Nature Notebook, August 15, 2019


The last of the Perseid meteor showers may be difficult to see this week thanks to the full moon, and the skies will remain quiet until the Draconid showers in October.

Belladonna lilies (Amaryllis belladonna), a South African migrant, has been coloring the landscape; these pale pink lilies are marching alongside the Borge Gallery in Point Reyes Station and Divide Meadow. Their leaves die back in early summer and their singular tan stem is topped by a cluster of flowers. Adapted to the Mediterranean climate, the lilies’ softball-sized bulbs store moisture from winter rains.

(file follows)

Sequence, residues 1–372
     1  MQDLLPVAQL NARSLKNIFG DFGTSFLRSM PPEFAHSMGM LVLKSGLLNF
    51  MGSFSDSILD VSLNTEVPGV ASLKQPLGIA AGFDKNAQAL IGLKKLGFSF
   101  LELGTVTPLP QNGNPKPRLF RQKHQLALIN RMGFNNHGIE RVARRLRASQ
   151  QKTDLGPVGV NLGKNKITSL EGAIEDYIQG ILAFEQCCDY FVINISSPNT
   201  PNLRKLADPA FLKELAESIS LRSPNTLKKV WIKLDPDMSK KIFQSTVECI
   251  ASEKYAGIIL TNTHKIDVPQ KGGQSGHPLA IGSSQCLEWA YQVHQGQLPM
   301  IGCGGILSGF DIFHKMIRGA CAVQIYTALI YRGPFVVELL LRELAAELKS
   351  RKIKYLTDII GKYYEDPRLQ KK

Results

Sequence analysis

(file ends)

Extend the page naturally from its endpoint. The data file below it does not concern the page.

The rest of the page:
The Earthquake Trail has been hosting “woolly bears”: slow-moving, fuzzy, black and rusty orange banded caterpillars. Folklore tells us that their eastern cousins are weather predictors; if the black bands on either end are longer than the middle orange band, the winter will be harsh. The caterpillars will eventually become tiger moths, but for now, watch your step.  

As warmer days heat up surface waters, we may see an annual event: jellyfish washing up on beaches, especially along Tomales Bay. The clear moon jellies—with four white half-moons—and the larger, brownish lion’s mane jellies are surface water dwellers that are susceptible to temperature changes.